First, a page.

About environmental variables – an introduction to environmental variables and how they work on the server.
This is a giant subject. I’ll continue updating this article as I find and understand more about how Linux does all of this.
Most articles show how to set them in the terminal, then when you close the terminal and try to use a variable it doesn’t exist leaving you confused.
Well those posts are how to set a temporary environmental variable accessible in your terminal until it closes only. To set a lasting Environmental variable you need to use a file.
This is often needed to store sensitive api key secrets, passwords etc. You should never put any of that information in a file for your project directly, meaning don’t put it in a file that is stored in your code repository.
Developer App Variables
The idea is to create environmental variables to hold this info on your local machine, then when you put your code into production you add the necessary environmental variables to whatever controls them for your app. You can use kubernetes secrets or Hashicorp vault or if you are using something like Gitlab or Openshift continuous integration/delivery pipeline workflow will have a way to enter these values securely.
One problem you will run into with apps is how Nginx or Apache either pass or don’t pass the variables to your scripts. It can be confusing. Apache gladly passes values from the environment to our scripts, but Nginx not so much. With nginx you need to set your vars in 2 locations or run a hacky feeling 3rd party Perl script which takes your variables and passes them to Nginx. Nginx has better performance than Apache though. The story is an entire article for later though, back to the subject.
Overall Environment variables
There are many ways to set environment variables in linux and each depends on what needs to be done. Each user has their own files that set variables for them. There are also other files that set variables for programs that run on your computer like cronjob. There are also files to set variables system wide, but it depends on what is operating whether it can access it.
You can create a file with any name you want with extension .sh like example-app.sh and place it in /etc/profile.d directory.
As described in this link Linux will read all of the files in that directory and create the environmental variables.
This is basically what I have in a simple text file
You simply add a new line for each variable you want to have created for your app.
Each user on your Linux system has a .bashrc file the root, regular user etc. all have one. On Ubuntu root is disabled so settings in that .bashrc file are probably ignored. But the user you usually login as, the default name that shows in your terminal when you open it, that home directory has a .bashrc file. Located at /home/username/.bashrc If you set a variable in this file you must log out and log back into your system for them to take effect or restart your computer.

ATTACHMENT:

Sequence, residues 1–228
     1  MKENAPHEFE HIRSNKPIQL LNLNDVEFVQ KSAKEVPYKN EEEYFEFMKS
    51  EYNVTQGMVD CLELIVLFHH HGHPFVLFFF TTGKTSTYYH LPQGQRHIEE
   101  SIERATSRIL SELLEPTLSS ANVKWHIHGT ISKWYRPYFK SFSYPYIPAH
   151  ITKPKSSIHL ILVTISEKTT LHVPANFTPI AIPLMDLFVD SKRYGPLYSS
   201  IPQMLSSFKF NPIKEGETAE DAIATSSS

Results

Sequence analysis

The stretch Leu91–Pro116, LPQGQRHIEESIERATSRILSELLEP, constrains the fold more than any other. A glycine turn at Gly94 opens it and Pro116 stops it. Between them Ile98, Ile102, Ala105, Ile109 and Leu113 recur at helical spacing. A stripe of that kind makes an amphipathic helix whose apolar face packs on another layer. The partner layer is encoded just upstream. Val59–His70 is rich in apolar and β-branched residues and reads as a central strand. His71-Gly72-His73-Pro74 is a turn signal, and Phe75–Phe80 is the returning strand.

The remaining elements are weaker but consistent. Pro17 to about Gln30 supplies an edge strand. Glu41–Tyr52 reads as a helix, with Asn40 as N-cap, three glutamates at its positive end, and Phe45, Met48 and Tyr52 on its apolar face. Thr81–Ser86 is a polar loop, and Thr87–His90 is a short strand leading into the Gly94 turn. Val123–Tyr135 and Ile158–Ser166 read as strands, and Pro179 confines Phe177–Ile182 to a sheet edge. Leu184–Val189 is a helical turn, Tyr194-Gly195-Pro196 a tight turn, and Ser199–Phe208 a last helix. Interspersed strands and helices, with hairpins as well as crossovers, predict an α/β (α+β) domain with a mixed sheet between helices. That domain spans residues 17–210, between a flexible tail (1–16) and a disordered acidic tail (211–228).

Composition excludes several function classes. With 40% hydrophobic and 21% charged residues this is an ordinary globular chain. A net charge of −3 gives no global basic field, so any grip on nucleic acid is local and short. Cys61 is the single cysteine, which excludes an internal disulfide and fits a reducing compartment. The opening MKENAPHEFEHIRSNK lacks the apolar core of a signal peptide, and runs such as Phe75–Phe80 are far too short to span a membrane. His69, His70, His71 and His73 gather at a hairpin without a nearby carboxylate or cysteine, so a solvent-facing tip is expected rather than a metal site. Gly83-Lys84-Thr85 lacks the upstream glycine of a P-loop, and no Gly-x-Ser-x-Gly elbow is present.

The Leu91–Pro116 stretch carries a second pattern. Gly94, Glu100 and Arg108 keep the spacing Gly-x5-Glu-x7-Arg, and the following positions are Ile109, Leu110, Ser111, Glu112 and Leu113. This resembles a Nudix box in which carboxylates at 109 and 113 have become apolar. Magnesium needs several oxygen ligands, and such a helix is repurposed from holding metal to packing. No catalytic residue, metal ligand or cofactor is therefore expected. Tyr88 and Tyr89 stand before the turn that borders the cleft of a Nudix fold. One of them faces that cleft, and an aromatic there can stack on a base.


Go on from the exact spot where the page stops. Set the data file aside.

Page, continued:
As mentioned in this article, the shell looks in several places when the terminal is invoked. Where to place it depends on what you need to do.
There are login shells, interactive shells, non interactive shells, each looks in different locations. This article has a good discussion of interactive vs non interactive. Basically interactive is when you type into the terminal, non interactive is when you run a shell script or other program that does the interaction with bash ( or other shell ) for you.
This article describes the many locations and files used to set environment variables. Not all versions of Linux will have all of these or use them, each version is different and you should read the documentation for your specific distribution. The bottom of that article gives you a better idea of where to set the variables.
For scripts like shell scripts set the environmental variables in .bashrc files. For interactive use in the terminal where the user or their commands need the variables set them in the .profile file or profile.d directory as mentioned above.
Here is a much more in depth article about Linux Environment variables.
As you can see in this link, this whole process depends on many things.
Here is another good, long explanation of Environment and Variables by digital ocean.
I know I’ll never remember where I saw this. One day I will need to dump or check the environmental variables for my app.
The documentation here lists how to check the environmental variables towards the bottom of the page.
Bash Scripting: Everything you need to know about Bash-shell programming
Respond to prompt in Bash Script – a tutorial on how to respond to prompts in Bash scripts.
Bash scripts and Mysql – a good article about working with Mysql in bash scripts, how to load SQL etc.
If statement syntax example coverage
More coverage and examples of Bash if/else statement syntax and use
Bash read builtin command used to prompt the user for a response and store it for use in the script
How to prompt and read user input in a Bash shell script – more examples and information. Different from the above link.